ENGH 336: British Novel of the 19th Century

ENGH 336-001: British Novel 19th Century
(Spring 2020)

10:30 AM to 11:45 AM TR

Aquia Building 219

Section Information for Spring 2020

“Novel maladies: anxiety and depression in nineteenth-century British fiction”

How did mental disorders like anxiety and depression register in fiction before they had official diagnoses in the medical community? Characters who suffered from these separate but related disorders were called by a variety of terms: nervous, melancholic, hypchondriacal, splenetic, vaporous. Sometimes they were called nothing at all, and their illnesses registered as inchoate collections of symptoms: sleeplessness; isolation; “wasting”; paranoia; obsessive or intrusive thoughts. Not quite the madmen of Edgar Allan Poe’s imagination, these characters number among what we might call today the “worried well”: essentially functional and more or less in touch with reality, but hampered by overwhelming sadness, loneliness, and chronic worry. This course will explore depictions in fiction of mental disorders that fall short of psychosis but that are or become determining forces—shaping characters’ behaviors and choices, and often driving or complicating the outcomes of their stories. Novels we read may include works by Jane Austen, Charlotte Brontë, Charles Dickens, George Eliot, and George Gissing. We will supplement these with some (minimal) contemporary medical writing, theory, and history.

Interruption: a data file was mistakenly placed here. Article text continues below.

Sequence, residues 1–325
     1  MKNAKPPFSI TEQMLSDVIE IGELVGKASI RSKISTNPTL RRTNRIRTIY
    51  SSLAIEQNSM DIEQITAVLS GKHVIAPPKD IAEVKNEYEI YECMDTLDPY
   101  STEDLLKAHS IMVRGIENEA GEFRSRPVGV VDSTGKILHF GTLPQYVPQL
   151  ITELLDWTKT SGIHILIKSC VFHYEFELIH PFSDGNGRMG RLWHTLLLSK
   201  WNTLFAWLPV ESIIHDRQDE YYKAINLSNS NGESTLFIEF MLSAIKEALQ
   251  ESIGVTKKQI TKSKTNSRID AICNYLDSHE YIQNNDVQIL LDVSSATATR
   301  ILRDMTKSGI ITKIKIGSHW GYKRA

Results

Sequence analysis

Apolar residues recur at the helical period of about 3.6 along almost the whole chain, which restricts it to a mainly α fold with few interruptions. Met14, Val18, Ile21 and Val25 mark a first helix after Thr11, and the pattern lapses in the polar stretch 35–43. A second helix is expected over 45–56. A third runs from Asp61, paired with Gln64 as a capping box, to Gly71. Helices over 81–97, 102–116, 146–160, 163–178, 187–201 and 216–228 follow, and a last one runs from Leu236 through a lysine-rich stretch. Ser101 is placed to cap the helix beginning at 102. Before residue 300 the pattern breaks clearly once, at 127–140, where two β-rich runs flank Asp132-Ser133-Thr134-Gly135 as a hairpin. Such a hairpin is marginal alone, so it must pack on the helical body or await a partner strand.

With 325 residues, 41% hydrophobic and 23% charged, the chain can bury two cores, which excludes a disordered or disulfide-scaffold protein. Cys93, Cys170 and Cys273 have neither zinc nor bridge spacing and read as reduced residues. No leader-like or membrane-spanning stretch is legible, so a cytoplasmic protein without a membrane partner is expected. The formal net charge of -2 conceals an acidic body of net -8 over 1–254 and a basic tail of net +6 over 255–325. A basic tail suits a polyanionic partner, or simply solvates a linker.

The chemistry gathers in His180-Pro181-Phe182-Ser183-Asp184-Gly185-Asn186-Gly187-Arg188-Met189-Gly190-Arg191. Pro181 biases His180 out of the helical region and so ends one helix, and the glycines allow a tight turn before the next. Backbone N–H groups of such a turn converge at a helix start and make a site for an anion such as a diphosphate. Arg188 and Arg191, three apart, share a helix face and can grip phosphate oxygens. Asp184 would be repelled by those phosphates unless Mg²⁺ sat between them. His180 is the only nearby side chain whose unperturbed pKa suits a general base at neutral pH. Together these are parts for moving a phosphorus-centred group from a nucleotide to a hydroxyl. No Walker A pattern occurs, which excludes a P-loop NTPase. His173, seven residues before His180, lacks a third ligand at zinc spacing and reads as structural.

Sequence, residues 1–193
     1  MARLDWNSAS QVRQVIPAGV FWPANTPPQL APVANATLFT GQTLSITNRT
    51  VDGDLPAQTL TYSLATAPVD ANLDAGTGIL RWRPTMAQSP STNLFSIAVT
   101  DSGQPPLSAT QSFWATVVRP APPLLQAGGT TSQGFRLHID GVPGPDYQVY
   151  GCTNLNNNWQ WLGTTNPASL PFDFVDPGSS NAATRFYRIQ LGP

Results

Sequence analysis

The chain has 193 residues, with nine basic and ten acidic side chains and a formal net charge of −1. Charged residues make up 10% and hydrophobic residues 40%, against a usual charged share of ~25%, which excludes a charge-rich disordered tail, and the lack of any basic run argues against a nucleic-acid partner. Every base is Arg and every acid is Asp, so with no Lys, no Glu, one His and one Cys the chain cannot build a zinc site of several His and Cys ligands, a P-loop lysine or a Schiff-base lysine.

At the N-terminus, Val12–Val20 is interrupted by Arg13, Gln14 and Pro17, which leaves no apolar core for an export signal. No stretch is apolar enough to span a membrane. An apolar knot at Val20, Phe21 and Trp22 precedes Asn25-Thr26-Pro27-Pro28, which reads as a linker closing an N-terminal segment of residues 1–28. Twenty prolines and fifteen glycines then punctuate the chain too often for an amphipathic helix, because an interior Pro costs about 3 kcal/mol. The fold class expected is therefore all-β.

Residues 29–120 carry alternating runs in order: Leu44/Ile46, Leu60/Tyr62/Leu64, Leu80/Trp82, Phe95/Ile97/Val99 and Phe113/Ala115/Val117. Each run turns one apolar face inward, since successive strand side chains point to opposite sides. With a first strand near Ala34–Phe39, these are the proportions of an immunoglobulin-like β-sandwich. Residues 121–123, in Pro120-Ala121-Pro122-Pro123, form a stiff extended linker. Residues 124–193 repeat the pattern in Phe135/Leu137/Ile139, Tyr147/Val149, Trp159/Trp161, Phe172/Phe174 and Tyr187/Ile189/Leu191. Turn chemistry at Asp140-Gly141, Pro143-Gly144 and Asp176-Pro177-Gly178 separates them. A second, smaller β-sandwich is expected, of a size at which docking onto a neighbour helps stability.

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Course Information from the University Catalog

Credits: 3

Works by Dickens, Thackeray, the Brontes, Eliot, Trollope, and Hardy. Limited to three attempts.
Recommended Prerequisite: Satisfaction of University requirements in 100-level English and in Mason Core literature.
Schedule Type: Lecture
Grading:
This course is graded on the Undergraduate Regular scale.

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